She Stoops to Conquer, or The Mistakes of a Night
Brockley Jack Studio Theatre
Our House by Madness is the perfect song to accompany the opening of this production of She Stoops to Conquer or The Mistakes of the Night where 1770s manners collide with 1980s fashions. It alerts us to the fact that the artistic approach is as subversive as the conduct that is about to be revealed.
To have Mr and Mrs Hardcastle playing Trivial Pursuits and Tony Lumpkin arriving on a skate board (did they have skate boards in the 1980s?) is, granted, taking something of a liberty, not to say a gamble, but the mix of period references is cleverly done and adds to the entertainment, rather than being a distraction.
And it's rather in keeping: after all, although Goldsmith's comedy of manners is an established and popular classic now, it was controversial at the time of its first production because of its, then, new style of comedy.
A plot summary is probably superfluous and it suffices to remind that true love emerges from a convoluted intertwining of mistaken identify, deception, elopement, pranks and tom-foolery and not a few Mistakes of the Night.
Director Kate Banister has chosen to emphasise the comedic and farce elements of the piece at the expense of the conflicts and antithetical postures that make She Stoops to Conquer a criticism of its society. In doing so, what comes across may be slightly thinner fare, but it makes a for a very funny evening's entertainment highlighting the paradox that both too much stupidity as well as too much cleverness can be both one's doing and undoing.
Daniel Brennan is first class as Mr Hardcastle, genial, content and unpretentious and an apt contrast to Kate Walsh's overbearing Mrs Hardcastle. Walsh balances her character's harridan qualities with some heart and tops off an energetic performance with a remarkable appearance sporting hairdo and makeup that are reminiscent simultaneously of Bette Davis in What Ever Happened to Baby Jane and a 1980s Goth.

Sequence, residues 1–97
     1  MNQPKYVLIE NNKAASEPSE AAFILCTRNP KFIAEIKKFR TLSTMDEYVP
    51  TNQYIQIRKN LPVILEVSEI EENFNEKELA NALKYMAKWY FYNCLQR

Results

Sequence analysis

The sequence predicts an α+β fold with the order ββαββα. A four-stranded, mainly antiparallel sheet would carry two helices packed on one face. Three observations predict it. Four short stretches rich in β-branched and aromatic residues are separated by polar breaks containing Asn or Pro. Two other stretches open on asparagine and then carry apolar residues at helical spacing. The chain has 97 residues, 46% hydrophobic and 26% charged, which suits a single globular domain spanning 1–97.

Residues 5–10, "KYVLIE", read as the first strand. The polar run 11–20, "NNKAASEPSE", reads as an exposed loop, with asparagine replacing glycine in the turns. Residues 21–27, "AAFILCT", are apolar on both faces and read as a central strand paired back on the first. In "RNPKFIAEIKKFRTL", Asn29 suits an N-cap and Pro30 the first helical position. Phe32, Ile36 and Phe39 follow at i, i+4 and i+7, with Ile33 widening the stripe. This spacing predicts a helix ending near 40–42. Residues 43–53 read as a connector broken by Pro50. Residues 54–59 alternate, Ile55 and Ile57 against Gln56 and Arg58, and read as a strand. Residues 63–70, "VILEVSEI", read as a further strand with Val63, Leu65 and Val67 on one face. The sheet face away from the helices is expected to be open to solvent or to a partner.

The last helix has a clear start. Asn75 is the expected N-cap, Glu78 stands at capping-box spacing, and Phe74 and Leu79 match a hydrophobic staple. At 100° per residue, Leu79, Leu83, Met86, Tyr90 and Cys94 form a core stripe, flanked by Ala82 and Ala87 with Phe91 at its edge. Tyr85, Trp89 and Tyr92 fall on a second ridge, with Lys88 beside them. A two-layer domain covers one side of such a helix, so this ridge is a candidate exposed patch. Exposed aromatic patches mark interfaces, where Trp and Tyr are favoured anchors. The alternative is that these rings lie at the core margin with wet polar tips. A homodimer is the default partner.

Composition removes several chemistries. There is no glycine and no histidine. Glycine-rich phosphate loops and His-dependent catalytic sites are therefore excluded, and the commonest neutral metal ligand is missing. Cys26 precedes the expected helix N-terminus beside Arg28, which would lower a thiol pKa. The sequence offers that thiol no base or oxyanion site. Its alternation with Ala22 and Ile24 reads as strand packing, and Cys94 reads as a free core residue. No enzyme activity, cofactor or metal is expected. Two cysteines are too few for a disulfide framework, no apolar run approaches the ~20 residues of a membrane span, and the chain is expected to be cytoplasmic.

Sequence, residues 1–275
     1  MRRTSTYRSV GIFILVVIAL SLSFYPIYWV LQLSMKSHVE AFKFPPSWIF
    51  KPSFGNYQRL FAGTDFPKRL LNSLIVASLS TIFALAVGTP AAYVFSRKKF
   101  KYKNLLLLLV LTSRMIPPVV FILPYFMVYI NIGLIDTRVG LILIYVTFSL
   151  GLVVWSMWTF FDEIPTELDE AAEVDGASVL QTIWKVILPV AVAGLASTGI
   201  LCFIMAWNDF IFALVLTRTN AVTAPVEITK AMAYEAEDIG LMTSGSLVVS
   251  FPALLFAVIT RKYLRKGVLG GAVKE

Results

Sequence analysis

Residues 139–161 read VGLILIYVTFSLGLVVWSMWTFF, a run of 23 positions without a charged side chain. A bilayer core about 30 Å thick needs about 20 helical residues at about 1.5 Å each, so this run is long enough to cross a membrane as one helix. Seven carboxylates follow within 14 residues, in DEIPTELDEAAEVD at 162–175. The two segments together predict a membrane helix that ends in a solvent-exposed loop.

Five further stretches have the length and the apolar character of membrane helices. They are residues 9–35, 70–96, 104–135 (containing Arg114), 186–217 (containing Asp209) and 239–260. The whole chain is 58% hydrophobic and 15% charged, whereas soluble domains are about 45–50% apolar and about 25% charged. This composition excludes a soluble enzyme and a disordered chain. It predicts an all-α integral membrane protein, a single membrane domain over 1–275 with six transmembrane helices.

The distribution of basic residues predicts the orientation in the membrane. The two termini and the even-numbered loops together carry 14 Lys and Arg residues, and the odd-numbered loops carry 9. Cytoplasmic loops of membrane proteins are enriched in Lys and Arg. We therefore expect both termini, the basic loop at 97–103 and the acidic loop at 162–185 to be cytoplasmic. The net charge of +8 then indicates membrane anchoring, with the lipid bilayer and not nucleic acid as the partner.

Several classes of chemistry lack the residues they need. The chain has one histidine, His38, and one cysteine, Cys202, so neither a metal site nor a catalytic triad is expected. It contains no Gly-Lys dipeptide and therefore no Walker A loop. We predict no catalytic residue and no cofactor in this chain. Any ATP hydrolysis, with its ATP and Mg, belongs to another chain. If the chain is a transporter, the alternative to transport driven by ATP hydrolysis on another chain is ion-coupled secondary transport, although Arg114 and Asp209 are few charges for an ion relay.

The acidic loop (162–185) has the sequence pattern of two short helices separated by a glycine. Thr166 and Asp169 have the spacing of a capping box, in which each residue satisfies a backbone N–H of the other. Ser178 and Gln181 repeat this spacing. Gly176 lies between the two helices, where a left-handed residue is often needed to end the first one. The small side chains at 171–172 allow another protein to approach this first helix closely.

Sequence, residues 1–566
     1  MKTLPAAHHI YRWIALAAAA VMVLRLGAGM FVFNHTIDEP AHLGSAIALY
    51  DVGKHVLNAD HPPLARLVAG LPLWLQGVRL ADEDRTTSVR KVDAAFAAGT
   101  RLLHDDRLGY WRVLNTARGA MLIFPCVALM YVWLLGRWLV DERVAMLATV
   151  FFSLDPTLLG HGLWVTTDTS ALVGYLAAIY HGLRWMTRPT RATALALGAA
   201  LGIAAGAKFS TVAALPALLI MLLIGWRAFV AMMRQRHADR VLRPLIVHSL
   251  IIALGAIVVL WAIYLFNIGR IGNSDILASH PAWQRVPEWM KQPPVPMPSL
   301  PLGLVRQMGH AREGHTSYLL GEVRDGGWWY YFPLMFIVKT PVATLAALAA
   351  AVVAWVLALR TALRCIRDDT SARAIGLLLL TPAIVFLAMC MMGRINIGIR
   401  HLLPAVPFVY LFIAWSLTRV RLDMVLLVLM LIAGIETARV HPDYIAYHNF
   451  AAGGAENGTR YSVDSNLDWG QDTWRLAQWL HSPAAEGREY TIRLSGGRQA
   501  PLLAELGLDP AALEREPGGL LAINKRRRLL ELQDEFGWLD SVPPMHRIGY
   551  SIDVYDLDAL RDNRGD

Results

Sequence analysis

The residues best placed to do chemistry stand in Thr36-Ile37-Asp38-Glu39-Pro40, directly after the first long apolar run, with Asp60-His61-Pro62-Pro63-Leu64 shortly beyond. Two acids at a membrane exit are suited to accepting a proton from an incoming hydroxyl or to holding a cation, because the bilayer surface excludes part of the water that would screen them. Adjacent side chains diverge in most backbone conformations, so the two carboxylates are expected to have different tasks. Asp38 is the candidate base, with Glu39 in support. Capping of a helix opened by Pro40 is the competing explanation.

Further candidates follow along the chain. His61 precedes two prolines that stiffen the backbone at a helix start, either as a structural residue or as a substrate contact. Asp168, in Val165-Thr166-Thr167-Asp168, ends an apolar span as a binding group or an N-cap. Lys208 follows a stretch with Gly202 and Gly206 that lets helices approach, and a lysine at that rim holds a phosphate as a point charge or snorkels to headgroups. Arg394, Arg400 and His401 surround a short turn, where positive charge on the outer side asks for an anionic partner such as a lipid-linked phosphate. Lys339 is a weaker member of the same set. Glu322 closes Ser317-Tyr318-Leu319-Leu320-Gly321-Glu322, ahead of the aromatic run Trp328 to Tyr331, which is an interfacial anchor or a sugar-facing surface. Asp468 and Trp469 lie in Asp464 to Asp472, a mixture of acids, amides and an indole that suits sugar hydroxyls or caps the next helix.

Helen Clapp stands out as Kate Hardcastle, bringing to this ingénue an appealing girlish excitement at the prospects ahead as well as the nous to get the outcome she wants. Chloe Thorpe plays her friend and Mrs Hardcastle's niece, Constance Neville, as a delightfully bouncy companion.
Love interest is provided by two Prince Charmings in the form of 1980s New Romantics, Charles Marlow who comes in suit of Kate and his friend Hastings who, by coincidence, is in love with the pretty Constance. Lee Drage and Max Linsay play these two young bucks with enthusiasm and Received Pronunciation which sets them apart from the regionally-accented country folk and draws attention to the fact that the city boys are not only out of their territory but also out of their depth.
Their apparent sophistication makes James Garland's Tony Lumpkin, son of Mrs Hardcastle, all the more coarse. This slob of a boy has a nasty streak but Garland also manages to make him rather likable too.
Terrific support comes from Kate Sandison as Digory, the servant stiff with the fear of getting it wrong, and Darren Batten (alternating with Jonathan Dolling) as Charles' good-natured father.
What was striking with all the cast was their natural comic abilities but, on the downside, was a shared propensity to fluff lines. The lighting was not always on target either.
Karl Swinyard has come up with an understatedly neat and practical set and whoever thought of putting cocktail umbrellas in the tankards at The Three Pigeons Inn would get a mention if I knew their identity, even though it might reveal their age.
Martin Robinson's costume design is spot on. Mrs Hardcastle has the would-be Sloane Ranger up-turned collar and string of pearls, and Kate transforms from a punky 'Oxfam meets King's Road' look in the day time to a post-Annie Hall tie-wearing innocent by evening.
It takes a certain chutzpah to mix Adam Ant with Oliver Goldsmith but doing so is not one of The Mistakes of the Night.
"She Stoops to Conquer" plays Tuesday to Saturday until 10 July
Reviewer: Sandra Giorgetti